Can an author be separated from his work? No really, could somebody separate this author from his work? That is like the second lame joke I made in this review and yet I stay ahead of the work under review. Unfortunately my opinion is informed by what I’ve learned by the author.

In 1996 Adams published the rather brilliant The Dilbert Principle, a satirical work about the workplace in which he presented a twist on the Peter Principle. The Peter Principle humorously states that good workers will be promoted into roles they cannot handle until they reach their ‘level of incompetence’. The Dilbert Principle states that bad workers will be promoted to get them out of the way.

Only one year later Adams published The Dilbert Future, but I did not read it until the past weeks. In the meantime I had learned that he is a bit of a tosser and a moron and a misogynist—the red pill brigade call him “one of us”.

So here’s my take on if, why and how to appreciate a work even if you dislike the person behind that work. Usually these questions are discussed from a moral perspective—we don’t like to be in the closet about the works we admire even if their authors are personae non gratae. Unfortunately, I don’t think it is possible to will yourself to not like a work just because of its author.

Complicating matters is that good and better works often work because the author shows real and continuous insight. Go ahead, hate Wagner because he was a Nazi, but that doesn’t make his music less intrinsically good.

But there is a third issue and that is that insight is often based on context. A joke works because it makes use of a lot of shorthand; the concepts that underlie the joke are shared by the person telling the joke and their audience.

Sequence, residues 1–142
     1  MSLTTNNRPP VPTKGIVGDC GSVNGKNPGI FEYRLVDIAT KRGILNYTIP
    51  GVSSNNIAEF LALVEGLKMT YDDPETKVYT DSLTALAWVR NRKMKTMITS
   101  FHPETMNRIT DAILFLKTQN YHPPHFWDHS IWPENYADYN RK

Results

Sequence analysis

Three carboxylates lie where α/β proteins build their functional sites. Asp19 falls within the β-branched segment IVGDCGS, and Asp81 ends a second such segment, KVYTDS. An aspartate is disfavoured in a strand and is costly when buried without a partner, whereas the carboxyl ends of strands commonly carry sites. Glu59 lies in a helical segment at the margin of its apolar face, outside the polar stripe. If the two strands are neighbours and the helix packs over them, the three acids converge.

This is where The Dilbert Future comes crashing down.

The very first lines of the book are: “There are two types of people in the world: the bright and attractive people like yourself who read Dilbert books, and the 6 billion idiots who get in our way. […] A devious reader suggested calling them In-duh-viduals.” See? That’s funny. It’s a classic joke that works on the understanding that both Adams and his readers don’t really believe in a world divided into a small elite of brilliant people and a large mass of complete idiots. After all, each of us knows quite a few people who may not have read Dilbert but are still definitely not idiots. There is a contrast between reality and what Adams jokingly says reality is and that is what makes us laugh.

Unfortunately the corner that Adams has painted himself into, in blog posts, books and by writing sock-puppet reviews of his own works, is that he believes exactly that. Adams belongs to a group of people who believe there are wolves and sheep, and they are the wolves, that there are hunters and prey, and they are the hunters. As far as I can tell, Scott Adams believes his own nonsense. And that makes it quite a struggle to get through The Dilbert Future. Every time you see Adams joke about these In-duh-viduals you know he doesn’t mean it as a joke. Which is a bit of a problem for a book that is meant to be funny.